Noel Heroux crafts a genre-blending record of infectious creativity in debut as Mass Gothic.
In the lead up to Mass Gothic’s release, project architect Noel Heroux was quoted saying he felt uninspired and frustrated. His decade with Hooray For Earth ended in 2014, Heroux’s creative juices drained. To read his statements, you’d think Heroux was down for the count. And yet, the artistic drive hadn’t dwindled entirely, and Heroux started over with Mass Gothic. The resulting album could have been a dying ember of a has-been. Thankfully, it is a genuine resurgence of imaginative energy and ideas, the endeavor serving as both the vehicle for and the fruition of his rebirth.
Mass Gothic is the spark that rekindled Heroux’s skill as a master songsmith, and that fire sears through the record’s ten tracks. It’s romantic and yearning, bitter and wounded, gratifying and cathartic. There is the unflinching honesty of confession, but it avoids being mopey. The songs themselves are constructed like meager shacks initially, before emerging as monolithic aural cathedrals. Most of them are built upon a foundation of airy synths, then build into a fusillade of scathing guitars and harsh electronic blasts. It’s shimmering and grimy in equal doses, a smooth ride often interrupted by an avalanche of grit to keep you on your toes. On the downside, Heroux’s adhering to this formula means it can get formulaic, and thus the grand dramatic impact the songs go far is increasingly diminished as you descend the tracklist. The eye of the hurricane in all of this is Heroux’s melodious voice, which mimics the musical pattern in its tendency to devolve into unhinged snarling and yowling.
With an auteur’s eye (or ear in this case), Heroux piles on the layers of sound. In the process, he eschews genre trappings. What could have been a simple synth pop record incorporate guitar-based power pop and a DIY, punk aesthetic in its edge. Opening track “Mind is Probably” showcases all of this. Heroux heaps on more and more levels of quirky flourishes (sampled street sounds, crackling background imperfections, looped percussive elements) as it goes on. Remarkably, as it builds into a squall, it doesn’t lose its ability to enthrall. A barrage of cacophony is anchored by lyrical repetition, allowing the tune to retain a hook in the fray. Successor “Own the Road”, at barely more than a minute long, is a trance-like palate cleanser. It stands as a demarcation between “Mind Is Probably” and the sweeping opulence of “Want to, Bad”. Amid a plinking of silvery electronics and understated percussion, it calls to mind M83 or Berlin-era David Bowie. In the chorus, Heroux relinquishes vocal duties to wife Jessica Zambri. “I want to / I want to bad," Zambri sings like a woman overcome while Heroux hangs back, conjuring guitar feedback. Come the end, the guitar takes over in a whirling conflagration before trailing off as though it’s consumed all the oxygen that fueled it.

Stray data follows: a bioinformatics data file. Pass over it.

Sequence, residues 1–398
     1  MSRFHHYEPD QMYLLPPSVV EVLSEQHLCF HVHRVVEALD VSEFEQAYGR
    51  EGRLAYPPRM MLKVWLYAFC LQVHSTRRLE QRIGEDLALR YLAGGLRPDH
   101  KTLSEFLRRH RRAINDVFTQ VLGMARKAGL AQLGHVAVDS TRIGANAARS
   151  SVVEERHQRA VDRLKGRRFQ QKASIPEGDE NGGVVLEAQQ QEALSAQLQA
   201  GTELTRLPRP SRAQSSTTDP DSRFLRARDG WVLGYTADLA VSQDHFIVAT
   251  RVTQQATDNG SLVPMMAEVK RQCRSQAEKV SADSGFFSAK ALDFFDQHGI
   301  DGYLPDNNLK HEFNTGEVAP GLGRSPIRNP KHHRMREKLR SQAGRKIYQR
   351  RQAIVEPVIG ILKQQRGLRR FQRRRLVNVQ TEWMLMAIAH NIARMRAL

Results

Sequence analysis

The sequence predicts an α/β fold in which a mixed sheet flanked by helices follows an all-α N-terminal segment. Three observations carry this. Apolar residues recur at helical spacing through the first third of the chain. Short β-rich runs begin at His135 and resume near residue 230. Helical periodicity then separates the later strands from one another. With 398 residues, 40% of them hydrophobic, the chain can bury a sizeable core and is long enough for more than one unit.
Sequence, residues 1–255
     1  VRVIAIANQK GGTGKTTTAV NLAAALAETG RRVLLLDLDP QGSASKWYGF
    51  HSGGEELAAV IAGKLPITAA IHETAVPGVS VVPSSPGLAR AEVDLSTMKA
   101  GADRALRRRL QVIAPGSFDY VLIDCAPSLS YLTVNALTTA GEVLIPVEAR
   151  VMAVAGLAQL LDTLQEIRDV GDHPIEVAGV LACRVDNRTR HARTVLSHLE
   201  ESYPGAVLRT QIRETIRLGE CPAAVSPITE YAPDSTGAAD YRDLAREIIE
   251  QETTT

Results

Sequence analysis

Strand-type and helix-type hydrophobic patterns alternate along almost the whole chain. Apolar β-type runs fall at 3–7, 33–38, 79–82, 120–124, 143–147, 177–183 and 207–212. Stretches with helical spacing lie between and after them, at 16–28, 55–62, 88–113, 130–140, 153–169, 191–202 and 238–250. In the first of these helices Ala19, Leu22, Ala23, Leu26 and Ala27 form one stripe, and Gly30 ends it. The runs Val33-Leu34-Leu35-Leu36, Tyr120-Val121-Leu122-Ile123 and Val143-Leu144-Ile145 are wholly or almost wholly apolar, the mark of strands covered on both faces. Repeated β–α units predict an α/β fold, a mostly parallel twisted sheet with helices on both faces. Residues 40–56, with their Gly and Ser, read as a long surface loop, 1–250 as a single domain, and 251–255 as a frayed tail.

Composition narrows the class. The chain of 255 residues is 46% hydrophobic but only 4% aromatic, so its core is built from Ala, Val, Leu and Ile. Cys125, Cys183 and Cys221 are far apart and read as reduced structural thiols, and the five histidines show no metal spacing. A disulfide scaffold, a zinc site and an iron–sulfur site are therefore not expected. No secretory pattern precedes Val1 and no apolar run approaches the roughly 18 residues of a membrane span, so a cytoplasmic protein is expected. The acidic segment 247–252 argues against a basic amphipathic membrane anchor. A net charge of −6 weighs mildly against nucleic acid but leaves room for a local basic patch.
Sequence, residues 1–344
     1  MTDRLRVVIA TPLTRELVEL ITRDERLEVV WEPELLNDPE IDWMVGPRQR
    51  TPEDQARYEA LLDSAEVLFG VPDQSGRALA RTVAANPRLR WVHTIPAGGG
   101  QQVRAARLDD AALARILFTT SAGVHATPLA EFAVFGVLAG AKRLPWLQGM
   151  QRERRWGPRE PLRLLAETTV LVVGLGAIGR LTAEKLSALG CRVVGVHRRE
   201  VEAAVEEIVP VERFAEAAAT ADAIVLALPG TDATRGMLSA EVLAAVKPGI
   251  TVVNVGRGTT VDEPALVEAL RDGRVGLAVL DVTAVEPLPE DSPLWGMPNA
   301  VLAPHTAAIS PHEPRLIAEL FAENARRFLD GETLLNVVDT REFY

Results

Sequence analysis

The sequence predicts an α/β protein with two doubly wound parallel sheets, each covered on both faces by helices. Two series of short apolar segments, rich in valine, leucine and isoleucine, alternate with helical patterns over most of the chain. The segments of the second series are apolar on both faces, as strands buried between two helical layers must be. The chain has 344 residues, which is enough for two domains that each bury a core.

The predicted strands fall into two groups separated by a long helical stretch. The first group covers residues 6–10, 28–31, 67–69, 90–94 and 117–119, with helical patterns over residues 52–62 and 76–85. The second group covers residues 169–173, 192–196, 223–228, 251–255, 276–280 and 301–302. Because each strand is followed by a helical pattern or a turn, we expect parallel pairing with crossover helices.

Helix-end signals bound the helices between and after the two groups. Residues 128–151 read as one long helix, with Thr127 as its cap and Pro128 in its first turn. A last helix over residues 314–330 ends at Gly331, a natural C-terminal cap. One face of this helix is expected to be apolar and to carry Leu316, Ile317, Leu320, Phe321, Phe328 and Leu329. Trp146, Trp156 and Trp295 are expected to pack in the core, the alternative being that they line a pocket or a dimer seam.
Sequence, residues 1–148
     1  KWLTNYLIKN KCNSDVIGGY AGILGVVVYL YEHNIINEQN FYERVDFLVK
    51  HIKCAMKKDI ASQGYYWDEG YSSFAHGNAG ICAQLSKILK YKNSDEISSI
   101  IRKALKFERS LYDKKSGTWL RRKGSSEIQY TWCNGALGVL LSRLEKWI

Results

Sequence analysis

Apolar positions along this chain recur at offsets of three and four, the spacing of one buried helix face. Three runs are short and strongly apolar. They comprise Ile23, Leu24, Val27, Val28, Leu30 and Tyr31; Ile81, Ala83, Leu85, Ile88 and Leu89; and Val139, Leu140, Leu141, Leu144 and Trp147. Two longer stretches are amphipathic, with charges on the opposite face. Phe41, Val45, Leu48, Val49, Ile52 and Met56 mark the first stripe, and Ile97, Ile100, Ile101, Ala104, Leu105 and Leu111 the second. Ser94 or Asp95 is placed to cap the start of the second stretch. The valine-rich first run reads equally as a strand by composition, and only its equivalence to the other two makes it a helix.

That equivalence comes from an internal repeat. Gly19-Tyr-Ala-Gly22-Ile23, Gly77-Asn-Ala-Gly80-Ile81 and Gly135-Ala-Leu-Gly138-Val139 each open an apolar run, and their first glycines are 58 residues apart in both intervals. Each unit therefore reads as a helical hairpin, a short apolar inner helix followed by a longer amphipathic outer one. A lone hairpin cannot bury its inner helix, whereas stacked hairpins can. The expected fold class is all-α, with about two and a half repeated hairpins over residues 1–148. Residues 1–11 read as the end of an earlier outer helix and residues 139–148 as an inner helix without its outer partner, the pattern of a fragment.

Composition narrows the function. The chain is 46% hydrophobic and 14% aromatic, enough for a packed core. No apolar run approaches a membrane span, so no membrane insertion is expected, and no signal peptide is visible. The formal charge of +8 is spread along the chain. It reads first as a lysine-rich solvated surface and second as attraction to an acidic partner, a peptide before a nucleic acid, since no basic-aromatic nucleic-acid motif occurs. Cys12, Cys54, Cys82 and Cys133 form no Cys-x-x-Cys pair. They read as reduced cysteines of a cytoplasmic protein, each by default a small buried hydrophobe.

“Pier Pressure” is comparatively staid, at least at the start. A wall of hazy synths evoke images of Heroux standing alone on a jetty some foggy morning, contemplating mortality as he sings, “I wait in the ocean / Dissolving." A groovy drum beat comes in after this austere intro, later joined by a pulsating bassline and flickering keys. “Nice Night” changes things up again, defined by a throbbing, grunge guitar riff and a dirge-like vibe. A meditation on loneliness, the dourness is at once offset and complimented by Heroux’s lilting vocals. “Unscrew my head then / Every thing lasts for way too long / Easy, now," he sings like a person who’s locked himself in a room and is just waiting for the departed object of his affection to return. Near the end, the drums thumping more and more intensely, the vocals erupt into serrated screams of broken tension before a tidewater of bleeps ushers it all away.
The second side of the LP is launched by its most jubilant and unabashed pop number. How “Every Night You’ve Got to Save Me” avoids being saccharine is a mystery. Feminine “hooh, hoohs” pepper the tune. The start-stop drums are tailor-made to get you dancing. The refrain of the title being sung over and over is shamelessly catchy. And yet, somehow, it doesn’t overplay its hand or seem a desperate ploy. Reminiscent of the Police’s “Every Little Thing She Does is Magic”, it’s an ebullient declaration of devotion to and need for, presumably, Zambri. The minor “Money Counter” arrives after and is ethereal in a restrained-industrial kind of way. The record begins to trail off from there. “Territory” finds Heroux singing over a techno loop while “Soul” is another sludgy number of fuzzy guitar. Oddly though, the atmosphere in the latter is about the only one in the bunch that lives up to the project’s “gothic” namesake. Closer “Subway Phone” would be effecting even if it were only an instrumental. It has that feel of emerging from a dark night into a bright new dawn, a sense of closure that is perfectly serviced by its 2:22 length and abrupt ending.
Exempting a little predictability and some late-in-the-game tapering off, Mass Gothic is a stunning and invigorating record. Listening to it, you’re dumbfounded on how the mind that created it could have ever felt worn out or spent of talent. While it takes time and numerous listens to reveal its rewards, halfway through your third spin, you'll already be desirous for your fourth.